Community-based initiatives (CBIs) contribute to the transition towards low-carbon economies in a number of ways: CBIs catalyze impacts for carbon reduction, carbon efficiency, social capital, social inclusion, financial sustainability, local economic impact, political mobilization, external networking, human capital externalities and innovativeness. Whereas the state of the art research on transitions has focused on individual case studies, one of the aims of the TESS project is to provide a systematic and quantitative assessment of CBIs across four different activity domains, in six different regions in Europe and using a wide variety of units and measures. In this way, the TESS project contributes to the growing wealth of knowledge needed for policy makers to better understand how to support CBIs and what CBIs’ contributions to the low-carbon societal transition.
We looked at CBIs with a wide range of activities and domains and comparatively analyzed their impacts. Using the data gathered throughout the TESS project, we compared the impact of 63 CBIs according to their capacity to reduce environmental impacts, to improve societal and economic well-being, to be financially sustainable, to promote grassroots innovation, to improve social capital, social inclusion, the capabilities of beneficiaries and to engage in political activities. Using a multi-criteria assessment methodology, we were able to rank the TESS CBIs, despite their heterogeneous characteristics (e.g. activities in a variety of domains, countries, different in size, aims, etc.), according to their various levels of impact and according to preferences expressed by different relevant stakeholders. We worked in close collaboration with a panel of experts, policymakers and stakeholders in order to better understand the views of different typologies of stakeholders and how they see the role and contribution of CBIs to sustainability transitions.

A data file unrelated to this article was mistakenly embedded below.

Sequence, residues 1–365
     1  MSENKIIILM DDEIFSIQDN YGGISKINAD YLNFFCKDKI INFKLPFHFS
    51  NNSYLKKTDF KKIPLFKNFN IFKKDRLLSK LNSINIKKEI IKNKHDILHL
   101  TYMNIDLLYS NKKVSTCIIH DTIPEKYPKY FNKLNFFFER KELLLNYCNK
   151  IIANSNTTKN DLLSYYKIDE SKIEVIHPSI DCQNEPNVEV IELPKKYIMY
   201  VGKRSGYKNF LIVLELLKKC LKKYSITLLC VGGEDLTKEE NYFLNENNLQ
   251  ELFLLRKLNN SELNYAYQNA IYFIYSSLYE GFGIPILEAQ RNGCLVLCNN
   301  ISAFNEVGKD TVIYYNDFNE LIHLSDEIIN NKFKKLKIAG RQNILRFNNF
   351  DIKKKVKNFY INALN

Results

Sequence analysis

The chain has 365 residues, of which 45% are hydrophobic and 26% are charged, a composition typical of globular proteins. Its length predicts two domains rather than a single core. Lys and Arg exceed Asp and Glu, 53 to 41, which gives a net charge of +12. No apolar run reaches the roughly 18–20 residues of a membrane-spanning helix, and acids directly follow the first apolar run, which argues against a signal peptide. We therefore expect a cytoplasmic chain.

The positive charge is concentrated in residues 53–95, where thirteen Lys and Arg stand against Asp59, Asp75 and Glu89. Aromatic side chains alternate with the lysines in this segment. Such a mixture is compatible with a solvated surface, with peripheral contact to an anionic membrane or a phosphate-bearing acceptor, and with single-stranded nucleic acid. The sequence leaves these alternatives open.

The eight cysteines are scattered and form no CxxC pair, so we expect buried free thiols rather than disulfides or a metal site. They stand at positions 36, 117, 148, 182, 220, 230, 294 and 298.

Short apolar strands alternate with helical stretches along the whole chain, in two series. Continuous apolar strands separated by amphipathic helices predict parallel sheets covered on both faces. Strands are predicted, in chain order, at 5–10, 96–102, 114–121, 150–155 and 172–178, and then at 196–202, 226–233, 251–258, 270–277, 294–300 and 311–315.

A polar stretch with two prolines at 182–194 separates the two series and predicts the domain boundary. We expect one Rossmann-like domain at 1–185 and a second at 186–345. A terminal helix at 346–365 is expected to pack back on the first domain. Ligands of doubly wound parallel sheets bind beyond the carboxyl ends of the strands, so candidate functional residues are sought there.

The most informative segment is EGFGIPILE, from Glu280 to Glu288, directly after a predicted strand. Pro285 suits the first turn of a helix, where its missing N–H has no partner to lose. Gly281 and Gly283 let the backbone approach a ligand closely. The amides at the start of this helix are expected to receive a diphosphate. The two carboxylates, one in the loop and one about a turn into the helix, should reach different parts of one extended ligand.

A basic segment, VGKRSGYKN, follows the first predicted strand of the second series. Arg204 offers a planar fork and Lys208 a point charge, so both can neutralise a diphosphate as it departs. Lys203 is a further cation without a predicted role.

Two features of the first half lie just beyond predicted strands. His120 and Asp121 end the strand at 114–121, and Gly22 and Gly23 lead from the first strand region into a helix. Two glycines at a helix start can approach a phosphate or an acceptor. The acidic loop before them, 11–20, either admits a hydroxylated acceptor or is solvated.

Our results show, firstly, that two Scottish CBIs, active in re/upcycling and in community gardening in addition to sustainable energy, consistently performed better than all other CBIs in terms impact. Moreover, these Scottish CBIs rank in the top 20 in terms of performance in all five dimensions of impact that we measured (social, economic, political, environmental, technological). Secondly, a mixed group of 13 high-performance CBIs placed in the top 15. This group includes five multi-domain CBIs, two re/upcycling initiatives, two sustainable energy initiatives, two community-supported agriculture initiatives, one solidarity purchasing group and a community garden. In terms of geographic distribution of the top five performing CBIs, two are Italian and two are Scottish.
Figure: The ranking of six typologies of community-based initiatives according to eight assessment criteria
TESS event in Rome